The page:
It is not necessary to believe the opinion polls in toto. What is important is that when it was decided to hold an early election, the ground situation was very favourable to the NDA. In short, the belief that it was India Shining — a euphemism for the NDA’s economic policies — which lay behind the NDA’s decimation, cannot be empirically verified. On the contrary, the evidence suggests that the Vajpayee government was politically at its strongest when it was being assessed on its claims of governance. The BJP leadership was absolutely right in assuming that there was no worthwhile anti-incumbency against the Centre.

Consequently, the assertion that Vajpayee was rushed into an early general election much against his own better judgment does a disservice to the veteran leader’s instincts. The BJP leadership decided on January 22 on an early election because it was confident of winning. That confidence was totally warranted.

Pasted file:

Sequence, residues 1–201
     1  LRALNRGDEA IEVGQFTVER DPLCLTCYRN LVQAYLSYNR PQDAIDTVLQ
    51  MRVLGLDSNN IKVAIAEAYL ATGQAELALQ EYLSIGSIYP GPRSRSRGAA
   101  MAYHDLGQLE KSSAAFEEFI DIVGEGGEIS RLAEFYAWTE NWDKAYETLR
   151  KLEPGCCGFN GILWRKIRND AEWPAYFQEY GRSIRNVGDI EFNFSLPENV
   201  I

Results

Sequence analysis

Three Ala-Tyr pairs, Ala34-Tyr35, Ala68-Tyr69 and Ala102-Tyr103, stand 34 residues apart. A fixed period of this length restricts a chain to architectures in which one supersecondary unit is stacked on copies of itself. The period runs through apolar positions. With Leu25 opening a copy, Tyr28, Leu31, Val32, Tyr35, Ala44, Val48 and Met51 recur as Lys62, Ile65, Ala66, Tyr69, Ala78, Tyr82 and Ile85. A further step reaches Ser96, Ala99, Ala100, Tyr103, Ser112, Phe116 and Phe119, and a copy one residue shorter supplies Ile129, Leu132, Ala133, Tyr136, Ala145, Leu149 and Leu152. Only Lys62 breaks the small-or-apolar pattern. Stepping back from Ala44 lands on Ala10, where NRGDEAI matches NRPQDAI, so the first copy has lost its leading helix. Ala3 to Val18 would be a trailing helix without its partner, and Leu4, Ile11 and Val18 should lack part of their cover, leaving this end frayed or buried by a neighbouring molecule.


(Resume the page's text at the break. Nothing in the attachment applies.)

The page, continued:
The first dip in the NDA’s fortunes was noticed in early April when an India Today poll indicated the NDA tally would be 282. Ironically, Vajpayee’s popularity graph was still rising and his lead over Sonia was an awesome 26 per cent. The steep fall in seats was attributed to the arithmetic of anti-NDA alliances in Tamil Nadu, Andhra Pradesh, Maharashtra, Bihar and Jharkhand.

The possibility of the NDA not securing a majority was first noticed by the opinion polls barely a week before the first round of polling. Between the second half of April and May 10, it was a case of the BJP and NDA going steeply downhill and a corresponding rise in the fortunes of its opponents.